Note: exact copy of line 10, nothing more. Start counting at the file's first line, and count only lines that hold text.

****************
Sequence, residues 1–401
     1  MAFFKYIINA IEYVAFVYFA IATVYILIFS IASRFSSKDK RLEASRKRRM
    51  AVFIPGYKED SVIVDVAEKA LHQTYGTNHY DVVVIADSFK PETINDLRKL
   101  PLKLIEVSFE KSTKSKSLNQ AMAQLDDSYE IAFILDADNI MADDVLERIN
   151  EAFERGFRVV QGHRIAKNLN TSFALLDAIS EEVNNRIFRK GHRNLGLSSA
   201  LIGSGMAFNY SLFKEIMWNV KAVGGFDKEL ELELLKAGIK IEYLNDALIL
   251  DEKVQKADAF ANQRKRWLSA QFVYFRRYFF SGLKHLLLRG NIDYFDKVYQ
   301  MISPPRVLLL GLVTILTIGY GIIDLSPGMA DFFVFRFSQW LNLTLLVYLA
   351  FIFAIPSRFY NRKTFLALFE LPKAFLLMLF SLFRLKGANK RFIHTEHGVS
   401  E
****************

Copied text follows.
   401  E